Coming to raratonga in 16 days, very excited, just wondering if it’s safe to walk on the beach without shoes on.
It really is safer not to walk on the beach in bare feet. Reef shoes are always recommended for swimming in the lagoon and these can also be worn for walking on the beach.
There are often bits of coral mixed up with the sand - this can be painful if you tread on it and a coral cut can easily become infected. You'll also come across the occasional shard of glass. It's not as common as in past years and the tide acts fairly quickly to blunt any sharp edges but it's best to avoid it.
And very occasionally you may come across a bluebottle jellyfish which has been blown ashore. These are not common and only occur when it has been windy, but even though they look dead they can still sting.
And if you're thinking of paddling in the shallows during these walks I'd most definitely wear reef shoes in case of stone fish although most reports seem to be during the Spring months.
Enjoy the anticipation of your visit. I hope you have a wonderful trip. Walking on the beach is one of my favourite things to do on all my visits.
I wear jandals, crocs and reef shoes along the beaches. I find all 3 forms of footwear to be comfy and protect my feet from the sharp bits of coral and shells in the sand. If you are referring to Arorangi, as the forum heading suggests, there are sharper bits or coral and shell in this location.
Some of the beaches have finer sand, like Muri for example. I often see visitors on this beach in barefoot.
Today we are enjoying a lovely day. And there was a beautiful sunset last night. All the best for your island visit.
There is also the odd piece of broken glass hanging around.
If anyone else besides Walter sees the odd piece of broken glass hanging around, would you mind doing us all a favour and picking it up for safe removal from the beach please? If everyone does their bit to protect a very fragile environment we will all benefit.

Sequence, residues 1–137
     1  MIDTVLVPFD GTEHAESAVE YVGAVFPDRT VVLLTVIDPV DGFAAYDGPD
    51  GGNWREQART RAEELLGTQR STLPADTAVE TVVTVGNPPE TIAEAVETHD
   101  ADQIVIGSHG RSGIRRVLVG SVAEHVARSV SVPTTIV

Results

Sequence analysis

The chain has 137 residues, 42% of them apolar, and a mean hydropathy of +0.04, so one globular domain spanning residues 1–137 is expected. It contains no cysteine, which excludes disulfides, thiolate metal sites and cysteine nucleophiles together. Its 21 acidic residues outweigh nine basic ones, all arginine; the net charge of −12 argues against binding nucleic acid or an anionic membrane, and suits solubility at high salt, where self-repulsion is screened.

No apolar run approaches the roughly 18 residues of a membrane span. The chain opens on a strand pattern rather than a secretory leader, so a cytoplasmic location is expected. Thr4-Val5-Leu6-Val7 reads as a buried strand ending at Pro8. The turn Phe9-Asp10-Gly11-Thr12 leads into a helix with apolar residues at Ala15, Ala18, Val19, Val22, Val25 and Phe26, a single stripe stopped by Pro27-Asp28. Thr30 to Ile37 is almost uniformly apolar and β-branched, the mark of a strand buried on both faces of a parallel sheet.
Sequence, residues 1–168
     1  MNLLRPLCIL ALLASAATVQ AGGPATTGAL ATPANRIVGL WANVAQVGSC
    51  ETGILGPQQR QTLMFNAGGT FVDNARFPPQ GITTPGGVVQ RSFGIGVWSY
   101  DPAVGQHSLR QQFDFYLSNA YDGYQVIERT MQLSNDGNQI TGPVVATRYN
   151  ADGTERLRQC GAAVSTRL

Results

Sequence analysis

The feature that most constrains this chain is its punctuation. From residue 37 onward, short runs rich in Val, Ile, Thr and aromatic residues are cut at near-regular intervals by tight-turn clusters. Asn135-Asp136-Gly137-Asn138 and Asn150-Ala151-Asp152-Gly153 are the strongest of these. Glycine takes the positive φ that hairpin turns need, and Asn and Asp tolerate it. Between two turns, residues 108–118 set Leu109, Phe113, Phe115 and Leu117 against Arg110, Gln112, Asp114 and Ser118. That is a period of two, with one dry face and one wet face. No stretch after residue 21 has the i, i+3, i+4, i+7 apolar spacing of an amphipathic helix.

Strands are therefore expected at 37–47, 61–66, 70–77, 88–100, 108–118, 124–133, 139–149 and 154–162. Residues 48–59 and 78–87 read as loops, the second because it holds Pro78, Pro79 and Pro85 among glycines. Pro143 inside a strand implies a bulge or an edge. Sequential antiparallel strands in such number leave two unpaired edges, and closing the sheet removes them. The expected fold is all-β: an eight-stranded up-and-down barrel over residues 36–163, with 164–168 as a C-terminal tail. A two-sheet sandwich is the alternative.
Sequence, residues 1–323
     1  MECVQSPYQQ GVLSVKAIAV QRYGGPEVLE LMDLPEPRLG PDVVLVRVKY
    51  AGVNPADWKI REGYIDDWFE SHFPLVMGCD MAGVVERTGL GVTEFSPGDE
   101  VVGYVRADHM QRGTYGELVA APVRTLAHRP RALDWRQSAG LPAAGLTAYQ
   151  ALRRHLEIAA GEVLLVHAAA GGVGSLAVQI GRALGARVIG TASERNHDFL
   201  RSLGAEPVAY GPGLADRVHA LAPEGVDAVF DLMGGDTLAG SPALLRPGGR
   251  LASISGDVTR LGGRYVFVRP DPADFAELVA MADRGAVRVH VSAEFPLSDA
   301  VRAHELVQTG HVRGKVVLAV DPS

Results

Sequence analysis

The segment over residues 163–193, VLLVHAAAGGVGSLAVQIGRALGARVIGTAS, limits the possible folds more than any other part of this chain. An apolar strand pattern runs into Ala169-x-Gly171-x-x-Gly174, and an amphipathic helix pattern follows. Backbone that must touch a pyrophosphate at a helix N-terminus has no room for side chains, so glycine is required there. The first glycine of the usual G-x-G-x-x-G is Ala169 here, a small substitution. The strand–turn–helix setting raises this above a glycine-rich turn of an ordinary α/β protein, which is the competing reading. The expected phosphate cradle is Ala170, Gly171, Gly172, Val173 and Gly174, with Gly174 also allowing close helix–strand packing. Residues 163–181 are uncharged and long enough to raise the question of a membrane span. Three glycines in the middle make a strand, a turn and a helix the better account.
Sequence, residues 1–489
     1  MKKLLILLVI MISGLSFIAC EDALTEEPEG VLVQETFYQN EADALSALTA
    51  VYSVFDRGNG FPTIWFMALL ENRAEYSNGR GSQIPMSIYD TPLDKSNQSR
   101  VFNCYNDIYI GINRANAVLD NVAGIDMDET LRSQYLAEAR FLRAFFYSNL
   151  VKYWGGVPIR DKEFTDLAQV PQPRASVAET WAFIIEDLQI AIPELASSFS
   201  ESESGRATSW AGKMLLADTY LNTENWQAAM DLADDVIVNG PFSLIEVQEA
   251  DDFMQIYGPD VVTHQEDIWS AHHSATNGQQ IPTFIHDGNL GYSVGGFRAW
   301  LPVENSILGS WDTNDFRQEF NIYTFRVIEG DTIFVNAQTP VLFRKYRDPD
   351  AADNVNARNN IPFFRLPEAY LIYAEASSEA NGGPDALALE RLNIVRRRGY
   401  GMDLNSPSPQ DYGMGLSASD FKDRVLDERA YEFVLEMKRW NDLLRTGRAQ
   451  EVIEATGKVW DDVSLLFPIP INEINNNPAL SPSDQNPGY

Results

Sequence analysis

Frangipani - I also mentioned broken glass in my post.
And I have been picking it up and taking it away for years. Maybe that's why I'm not seeing as much nowadays?
Brilliant. Meitaki maata/thankyou much for picking up the pieces of glass off the beach, NZlilibet. Wish we could encourage more tourists to do their bit.
You're so welcome. But it would be so much better if it wasn't there in the first place!
But, as I said before, it's lucky that the tide does its bit in blunting the glass shards fairly quickly or there would be some nasty accidents.
Well... I can also say that on NZ beaches there are some awful instances of horrible debris left behind by locals in the main. Wouldn't it be wonderful if everyone respected our environment. Afraid this isn't so today.
We all need to continue to do our bit - residents and visitors alike. Kia manuia
During our month long visits to Aitutaki as part of his daily walk my husband carries one of those rubbish picker-uppers that can grab cans and bottles and other items from the roadside. He carries a rubbish bag with him and finds that he always has some things for the rubbish bin. I am the irritating passenger on the lagoon tour that drags back for disposal the odd plastic item or sad "floated millions of miles" toothbrush. Thanks to the Yellow Boat for always having a bag for these sad finds on Maina or One Foot. It won't stay beautiful if we all don't do our part
Just came back from 7 nights and each day we went for a stroll i made it my mission if i spot glass to pick it up. Both hands chockka everytime. Such a shame.Edited: 23 June 2018, 22:05